Despite its importance to the distributive trades, and its potential to support strategic growth, the warehouse is the part of the business that is most likely to have legacy manual and paper based processes. A 2014 study shows that 35% of prospective buyers of Warehouse Management Systems (WMS) are still using manual methods. This can be time consuming and create inefficiencies, and it may also be risky; human error can lead to mistakes in picking, shipping, or replenishment, which can result in failed deliveries, payment disputes and, ultimately, unhappy customers.
And it’s not just manual warehouse systems that need updating. The same study showed that:
- A further 17% of businesses were struggling with existing proprietary systems that were not scalable, or couldn’t be updated.
- 17% more were using non-specialist software, that was missing the features they needed, or couldn’t be configured to meet business needs.
So it is no surprise that warehousing is changing fast. A report by Motorola predicts increasing automation and mechanisation in warehousing in coming years:
- Warehouses using manual inventory counts will drop from 41% in 2013 to just 13% in 2018.
- Use of WMS on real-time mobile devices will increase from 32% in 2013 to 65% in 2018.
How to stock efficiently
Warehousing is complex and there are many ways things can go wrong. All too often, supplies arrive with poor labelling, products are put away incorrectly, operations are disrupted by manual cycle counts, and carriers wait idly for shipments that aren’t ready. However, the focus for warehouse operations has traditionally been on efficiencies and error reduction in order picking, which overlooks the potential to make improvements throughout the process, from receiving through to shipping. As such, many current systems don’t meet the challenges faced by a modern distributive business, which requires:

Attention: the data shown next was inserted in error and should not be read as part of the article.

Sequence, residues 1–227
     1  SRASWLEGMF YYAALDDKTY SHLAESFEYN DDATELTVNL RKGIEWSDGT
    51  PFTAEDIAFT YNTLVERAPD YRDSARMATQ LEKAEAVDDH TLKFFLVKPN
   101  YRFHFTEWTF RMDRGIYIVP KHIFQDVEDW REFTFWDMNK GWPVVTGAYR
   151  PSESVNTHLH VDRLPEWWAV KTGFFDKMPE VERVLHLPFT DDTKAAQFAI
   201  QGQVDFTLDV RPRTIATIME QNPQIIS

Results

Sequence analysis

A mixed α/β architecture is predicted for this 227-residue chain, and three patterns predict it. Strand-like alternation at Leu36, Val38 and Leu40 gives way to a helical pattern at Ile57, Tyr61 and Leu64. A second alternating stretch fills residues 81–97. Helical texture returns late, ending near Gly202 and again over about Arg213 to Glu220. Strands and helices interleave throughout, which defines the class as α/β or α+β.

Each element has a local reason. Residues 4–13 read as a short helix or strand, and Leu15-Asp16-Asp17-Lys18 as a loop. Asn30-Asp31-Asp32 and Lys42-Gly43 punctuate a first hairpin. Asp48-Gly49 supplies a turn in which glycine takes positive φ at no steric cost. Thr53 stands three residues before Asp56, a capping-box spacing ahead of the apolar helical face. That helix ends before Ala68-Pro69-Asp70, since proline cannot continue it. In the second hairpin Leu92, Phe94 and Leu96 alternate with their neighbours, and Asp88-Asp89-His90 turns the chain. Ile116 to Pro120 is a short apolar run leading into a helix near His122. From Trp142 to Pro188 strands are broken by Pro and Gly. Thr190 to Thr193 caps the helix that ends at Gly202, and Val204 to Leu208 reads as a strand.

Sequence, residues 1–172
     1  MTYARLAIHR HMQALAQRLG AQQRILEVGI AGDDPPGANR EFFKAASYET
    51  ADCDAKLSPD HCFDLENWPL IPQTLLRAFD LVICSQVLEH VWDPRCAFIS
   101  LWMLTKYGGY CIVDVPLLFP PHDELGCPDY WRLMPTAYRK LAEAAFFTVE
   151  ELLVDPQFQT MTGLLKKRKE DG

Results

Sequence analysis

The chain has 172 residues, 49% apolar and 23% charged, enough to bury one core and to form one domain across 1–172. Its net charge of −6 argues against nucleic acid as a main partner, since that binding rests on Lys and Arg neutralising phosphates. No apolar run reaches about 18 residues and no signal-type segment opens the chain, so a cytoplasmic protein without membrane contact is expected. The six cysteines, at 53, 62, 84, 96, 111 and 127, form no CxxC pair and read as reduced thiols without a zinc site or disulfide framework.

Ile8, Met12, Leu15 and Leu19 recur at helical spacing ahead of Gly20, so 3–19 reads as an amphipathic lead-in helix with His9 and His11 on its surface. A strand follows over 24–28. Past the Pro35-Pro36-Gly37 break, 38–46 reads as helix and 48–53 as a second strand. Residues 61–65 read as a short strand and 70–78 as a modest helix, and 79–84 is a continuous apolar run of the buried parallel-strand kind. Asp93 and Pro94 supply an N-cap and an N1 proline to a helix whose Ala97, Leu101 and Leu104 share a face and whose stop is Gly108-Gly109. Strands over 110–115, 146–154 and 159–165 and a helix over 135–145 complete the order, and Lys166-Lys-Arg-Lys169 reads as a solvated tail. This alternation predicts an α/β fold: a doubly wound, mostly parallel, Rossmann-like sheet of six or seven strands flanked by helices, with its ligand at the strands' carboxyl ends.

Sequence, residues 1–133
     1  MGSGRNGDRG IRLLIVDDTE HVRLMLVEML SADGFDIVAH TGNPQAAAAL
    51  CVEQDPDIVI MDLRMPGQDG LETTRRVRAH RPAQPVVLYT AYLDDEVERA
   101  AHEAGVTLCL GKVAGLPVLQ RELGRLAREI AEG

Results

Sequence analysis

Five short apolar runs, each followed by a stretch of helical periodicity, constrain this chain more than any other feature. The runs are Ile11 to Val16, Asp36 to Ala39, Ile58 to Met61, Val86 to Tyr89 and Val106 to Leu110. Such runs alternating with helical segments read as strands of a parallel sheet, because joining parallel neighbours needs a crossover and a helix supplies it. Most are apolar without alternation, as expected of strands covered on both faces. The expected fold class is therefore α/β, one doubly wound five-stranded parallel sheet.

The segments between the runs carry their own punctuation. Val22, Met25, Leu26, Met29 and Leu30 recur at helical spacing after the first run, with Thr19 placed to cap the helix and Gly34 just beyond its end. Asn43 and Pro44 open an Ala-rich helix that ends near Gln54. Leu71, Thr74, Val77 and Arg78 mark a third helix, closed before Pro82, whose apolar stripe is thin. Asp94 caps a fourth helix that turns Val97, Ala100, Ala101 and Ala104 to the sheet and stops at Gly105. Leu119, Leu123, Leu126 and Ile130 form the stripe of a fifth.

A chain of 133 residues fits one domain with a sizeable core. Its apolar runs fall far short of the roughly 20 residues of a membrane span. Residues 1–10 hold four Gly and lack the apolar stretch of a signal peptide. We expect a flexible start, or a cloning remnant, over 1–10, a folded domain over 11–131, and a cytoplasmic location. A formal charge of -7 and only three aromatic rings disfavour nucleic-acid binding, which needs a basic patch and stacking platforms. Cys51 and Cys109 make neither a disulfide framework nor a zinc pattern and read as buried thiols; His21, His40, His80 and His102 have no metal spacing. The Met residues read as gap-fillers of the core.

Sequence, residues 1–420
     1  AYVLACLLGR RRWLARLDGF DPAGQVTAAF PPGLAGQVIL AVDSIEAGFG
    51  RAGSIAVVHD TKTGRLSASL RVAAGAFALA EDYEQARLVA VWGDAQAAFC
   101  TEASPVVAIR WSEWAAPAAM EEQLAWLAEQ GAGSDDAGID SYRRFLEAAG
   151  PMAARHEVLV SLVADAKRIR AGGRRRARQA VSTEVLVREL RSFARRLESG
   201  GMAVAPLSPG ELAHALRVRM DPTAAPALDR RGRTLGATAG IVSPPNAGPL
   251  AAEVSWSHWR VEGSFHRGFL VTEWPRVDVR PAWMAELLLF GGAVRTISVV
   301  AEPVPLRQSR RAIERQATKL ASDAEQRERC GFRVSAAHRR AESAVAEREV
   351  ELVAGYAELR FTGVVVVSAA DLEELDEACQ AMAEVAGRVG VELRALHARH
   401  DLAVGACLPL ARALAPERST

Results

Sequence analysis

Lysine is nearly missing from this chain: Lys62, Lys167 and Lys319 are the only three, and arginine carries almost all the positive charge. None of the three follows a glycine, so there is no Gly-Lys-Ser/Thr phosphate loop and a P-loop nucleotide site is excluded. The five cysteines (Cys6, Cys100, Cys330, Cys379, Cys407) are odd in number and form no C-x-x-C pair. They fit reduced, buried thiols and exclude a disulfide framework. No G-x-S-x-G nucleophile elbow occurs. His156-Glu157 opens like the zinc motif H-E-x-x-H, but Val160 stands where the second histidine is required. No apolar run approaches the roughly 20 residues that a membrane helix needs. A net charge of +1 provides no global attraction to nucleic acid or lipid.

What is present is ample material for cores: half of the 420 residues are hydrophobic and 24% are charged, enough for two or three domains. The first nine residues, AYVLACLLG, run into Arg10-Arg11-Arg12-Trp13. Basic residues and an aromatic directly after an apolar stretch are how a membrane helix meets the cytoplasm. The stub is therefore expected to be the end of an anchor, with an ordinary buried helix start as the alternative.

- Control of inventory, end-to-end, and across multiple locations or branches. This enables you to manage stock levels and ensure delivery to customers, whilst also keeping control of margins.
- Tracking of items from receiving from suppliers, through sales and order processing, picking, delivery, returns and accounting. This will reduce manual processing, and the associated risk of error and enable you to keep customers accurately informed about their orders.
- Management of the space of the warehouse, to ensure stock can be put away, found and picked most efficiently, and to maximise operatives’ time.
- Visibility of management information to understand where problems are arising, implement improvement initiatives and track the success of changes. This will enable you to progressively and continually improve your processes and to get more from your existing resources and your investments in warehouse technology.
Efficient stocking solutions
Forward-thinking companies now consider that the warehouse has the potential to be transformed from a cost centre to a growth centre. The first step in this revolution is to get your warehouse in order with an up-to-date, specialist, trading and business management system, which will ensure that you are competing with the best in the business. The technology that is driving change does not stand still. With 1 in 5 bigger companies already using RFID (radio-frequency identification), and the use of drones in inventory management just around the corner, you need to ensure that you are ready to face the future of warehousing.
If you know how to update your warehouse and stock efficiently, your business will be on a very good footing in order to have a profitable future.
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